How can you tell your losing weight without a scale?

If you are on the losing weight journey, the chances are you want to measure your progress.

But what if you don’t have scale to do so?

First of all, we want to clarify few things.

It’s what makes up the weight that matters.

We call this your body composition.

When you hop on the scales, you’ll see your weight, which is the sum total of everything that makes up your body.

Your weight doesn’t differentiate between fat, muscle, organs, skin, or fluids. It’s all the same to your scales!

However, when it comes to being fit and healthy, what your weight is made up of is often more important than the number of pounds on the scale display.

For example, there is a big difference between weighing a muscular 180 pounds and being 180 pounds where most of that weight is fat.

So, while weighing yourself can be helpful for measuring your progress, it can also be misleading.


Not losing weight could also make you feel like a failure, even if you are actually making progress that doesn’t show on the scales.

For instance, losing muscle would result in weight loss.

Still, it could leave you feeling weaker, less athletic, with a slower metabolism, and classed as skinny fat.

You could also be less hydrated than usual, perhaps because you’ve just had a sweaty workout.

So, while it can be useful to track your weight, it would be a mistake to measure your successes and failures by what’s showing on your scales.

In this article, we reveal how to weigh yourself without scales, plus alternative methods for tracking your body composition and progress.


1. The Seesaw Method

The reality is that it’s all but impossible to determine your weight without scales, and why would you not have a set in your bathroom anyway?!

But, on the off chance you don’t have scales, there are none at your gym, and the scales at the drugstore are broken, you can estimate your weight using a seesaw and a pile of weights.

Firstly, you’re going to need some counterweights.

This can be anything you know the weight off.

For example, weight plates from the gym are a good option, or you can use full water jugs, bags of sand or cement, bags of sugar, flour or rice, or any other known weight.

Next, sit on one end of the seesaw and ask your partner to start adding weight to the other end.

Gradually, as the weight begins to balance, the seesaw will level out.

Make a note of how much weight it took to balance the seesaw, and that’s what you weigh.

Needless to say, this is not exactly the most practical method, but it will reveal your actual weight in much the same way as a scale. This could also be a fun project to do with your kids.

2. Tape Measure

While measuring your waist won’t reveal your weight, it will tell you if you are losing fat.

Your waist has very little potential for muscle growth.

Unless you’re a bloated belly bodybuilder, that is!

As such, if your waist starts to shrink, it’s a fair assumption that your fat stores are decreasing, and you’ll probably be losing weight, too.

In addition, losing fat from your abdomen is associated with improved cardiovascular health and a lower risk of metabolic syndrome and diabetes.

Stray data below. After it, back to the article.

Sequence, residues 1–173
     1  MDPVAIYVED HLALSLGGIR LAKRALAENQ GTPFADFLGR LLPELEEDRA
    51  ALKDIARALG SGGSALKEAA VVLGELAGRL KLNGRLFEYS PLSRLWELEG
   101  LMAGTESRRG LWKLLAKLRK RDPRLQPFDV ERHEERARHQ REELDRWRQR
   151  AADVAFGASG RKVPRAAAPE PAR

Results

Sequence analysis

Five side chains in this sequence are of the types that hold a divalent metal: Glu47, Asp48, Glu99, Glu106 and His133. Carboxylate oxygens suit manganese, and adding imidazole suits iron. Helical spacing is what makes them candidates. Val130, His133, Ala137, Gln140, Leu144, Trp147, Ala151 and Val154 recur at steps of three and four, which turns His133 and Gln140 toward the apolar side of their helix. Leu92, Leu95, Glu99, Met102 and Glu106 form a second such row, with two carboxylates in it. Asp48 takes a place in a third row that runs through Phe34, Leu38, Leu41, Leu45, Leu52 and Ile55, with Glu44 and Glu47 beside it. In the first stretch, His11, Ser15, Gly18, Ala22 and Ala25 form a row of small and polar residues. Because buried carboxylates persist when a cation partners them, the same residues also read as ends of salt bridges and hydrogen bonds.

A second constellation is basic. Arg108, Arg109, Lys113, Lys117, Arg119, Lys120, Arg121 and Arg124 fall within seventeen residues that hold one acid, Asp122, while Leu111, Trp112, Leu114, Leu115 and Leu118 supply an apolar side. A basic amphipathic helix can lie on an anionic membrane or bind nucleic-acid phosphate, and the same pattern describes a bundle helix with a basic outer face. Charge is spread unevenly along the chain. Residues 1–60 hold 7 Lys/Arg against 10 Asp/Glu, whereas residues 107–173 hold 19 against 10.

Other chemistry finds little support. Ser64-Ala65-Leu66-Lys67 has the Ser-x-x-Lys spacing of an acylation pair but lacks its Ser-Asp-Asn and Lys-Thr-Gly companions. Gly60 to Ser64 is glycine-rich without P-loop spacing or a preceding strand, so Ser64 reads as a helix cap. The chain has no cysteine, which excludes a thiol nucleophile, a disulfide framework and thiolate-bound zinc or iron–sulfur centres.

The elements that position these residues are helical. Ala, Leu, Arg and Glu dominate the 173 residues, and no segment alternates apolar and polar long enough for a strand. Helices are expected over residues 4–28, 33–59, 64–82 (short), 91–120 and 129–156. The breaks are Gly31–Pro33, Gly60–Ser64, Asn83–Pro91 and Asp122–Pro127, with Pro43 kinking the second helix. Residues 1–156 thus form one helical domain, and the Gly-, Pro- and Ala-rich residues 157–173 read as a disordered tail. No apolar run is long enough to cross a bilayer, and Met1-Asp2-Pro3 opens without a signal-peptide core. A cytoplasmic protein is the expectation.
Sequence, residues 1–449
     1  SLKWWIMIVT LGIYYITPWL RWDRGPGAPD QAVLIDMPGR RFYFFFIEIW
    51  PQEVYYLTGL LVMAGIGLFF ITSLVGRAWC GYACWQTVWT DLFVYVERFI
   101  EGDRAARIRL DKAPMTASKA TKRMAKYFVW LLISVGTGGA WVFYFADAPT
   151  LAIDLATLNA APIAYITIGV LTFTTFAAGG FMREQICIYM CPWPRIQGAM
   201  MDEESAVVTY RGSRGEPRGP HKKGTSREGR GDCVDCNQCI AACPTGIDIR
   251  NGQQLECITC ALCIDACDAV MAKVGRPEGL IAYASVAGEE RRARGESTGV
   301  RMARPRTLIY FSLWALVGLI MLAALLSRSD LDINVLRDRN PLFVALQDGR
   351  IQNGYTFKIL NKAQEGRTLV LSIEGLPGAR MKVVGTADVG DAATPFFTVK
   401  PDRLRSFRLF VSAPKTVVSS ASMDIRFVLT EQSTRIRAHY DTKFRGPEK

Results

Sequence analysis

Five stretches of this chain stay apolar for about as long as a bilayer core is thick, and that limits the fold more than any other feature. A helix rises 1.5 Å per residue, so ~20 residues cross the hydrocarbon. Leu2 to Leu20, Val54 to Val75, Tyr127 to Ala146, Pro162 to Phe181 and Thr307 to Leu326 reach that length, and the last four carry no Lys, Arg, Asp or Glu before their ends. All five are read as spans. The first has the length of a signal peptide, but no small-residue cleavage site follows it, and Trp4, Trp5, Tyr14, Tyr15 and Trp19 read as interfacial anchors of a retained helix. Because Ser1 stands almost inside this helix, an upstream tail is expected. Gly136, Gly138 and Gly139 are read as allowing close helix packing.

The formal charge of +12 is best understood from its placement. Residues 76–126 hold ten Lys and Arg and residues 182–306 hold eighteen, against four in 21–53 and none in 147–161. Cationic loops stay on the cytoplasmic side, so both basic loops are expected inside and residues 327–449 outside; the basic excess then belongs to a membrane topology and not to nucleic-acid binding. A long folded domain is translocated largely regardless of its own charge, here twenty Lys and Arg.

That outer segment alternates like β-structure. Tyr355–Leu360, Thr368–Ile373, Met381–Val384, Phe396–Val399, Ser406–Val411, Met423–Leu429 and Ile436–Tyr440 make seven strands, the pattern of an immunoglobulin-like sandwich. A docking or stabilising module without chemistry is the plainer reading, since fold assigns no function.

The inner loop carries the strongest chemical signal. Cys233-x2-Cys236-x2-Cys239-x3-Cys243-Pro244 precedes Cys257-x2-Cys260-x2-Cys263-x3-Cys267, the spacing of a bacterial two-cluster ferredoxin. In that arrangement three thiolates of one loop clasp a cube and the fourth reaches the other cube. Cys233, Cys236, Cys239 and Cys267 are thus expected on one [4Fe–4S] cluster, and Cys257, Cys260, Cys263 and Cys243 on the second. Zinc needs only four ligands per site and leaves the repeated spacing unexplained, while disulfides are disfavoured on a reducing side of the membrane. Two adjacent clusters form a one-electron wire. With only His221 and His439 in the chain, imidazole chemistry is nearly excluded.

Unfortunately, there is very little you can do to specifically target abdominal fat.


But, if you eat right and exercise regularly, you should have no problem shedding those unwanted jelly rolls.

3. Clothing Comparisons

If your clothes start to feel looser, especially around the waist, hips, and thighs, it’s safe to assume you’re losing fat.

Alternatively, if your clothes are starting to feel a little tighter than usual, you are probably getting fatter.

A lot of people have a “fat” wardrobe and the “thin wardrobe.

This is a mistake. It means you have easy access to clothes that fit, even if you’ve been going crazy at the all-you-can-eat buffet lately.

If you lose weight, ditch your fat clothes as an incentive to avoid regaining the weight you undoubtedly worked so hard to lose.

As soon as you feel your pants getting a little tighter, get your workout and diet back on track to avoid gaining back the fat you’ve lost.

And don’t just upsize your wardrobe.

That’s basically an admission of defeat.

4. Progress Photos

Most people lose and gain weight very slowly.

In fact, even if you look at yourself in the mirror every day, you probably won’t be able to see much change in how you look.

One way around this problem is to take a series of photos.

By comparing one image to the next, you’ll be able to see how your body is changing and how you are progressing.

As you lose fat, your muscle definition will improve, and you’ll see your waist shrinking.

Make this method as easy and effective as possible by:

  • Wearing the same clothing for each photo, e.g., bathing suit
  • Using the same camera
  • Using the same lighting
  • Taking the photos in the same place, e.g., your bathroom
  • Taking the photos from the same distance
  • Not using filters

Ideally, you want to replicate the same conditions for all photos, so you are the only thing that changes.

5. Use an Online Body Composition Calculator

There are several ways to estimate your body composition, but most are either invasive or require specialist equipment.

However, there are some more straightforward methods, such as using an online body composition calculator.

These calculators determine your body composition using scientific formulas and from readily available information, such as your waist measurement and current weight, assuming you know it that is!

It’s important to stress that these calculators provide an estimate of your body composition and are not 100% accurate.

That said, they’ll give you a pretty good idea of your current body fat percentage, and you can use them to track your progress.

Four options include:

6. Skinfold Assess

Some gyms, health clinics, and personal trainers offer skinfold body composition assessments.